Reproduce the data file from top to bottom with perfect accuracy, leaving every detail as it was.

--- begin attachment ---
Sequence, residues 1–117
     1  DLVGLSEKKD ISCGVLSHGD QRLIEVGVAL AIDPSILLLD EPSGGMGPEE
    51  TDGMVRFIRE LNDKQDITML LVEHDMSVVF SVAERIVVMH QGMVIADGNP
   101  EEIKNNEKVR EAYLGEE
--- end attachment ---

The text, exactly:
Sequence, residues 1–117
     1  DLVGLSEKKD ISCGVLSHGD QRLIEVGVAL AIDPSILLLD EPSGGMGPEE
    51  TDGMVRFIRE LNDKQDITML LVEHDMSVVF SVAERIVVMH QGMVIADGNP
   101  EEIKNNEKVR EAYLGEE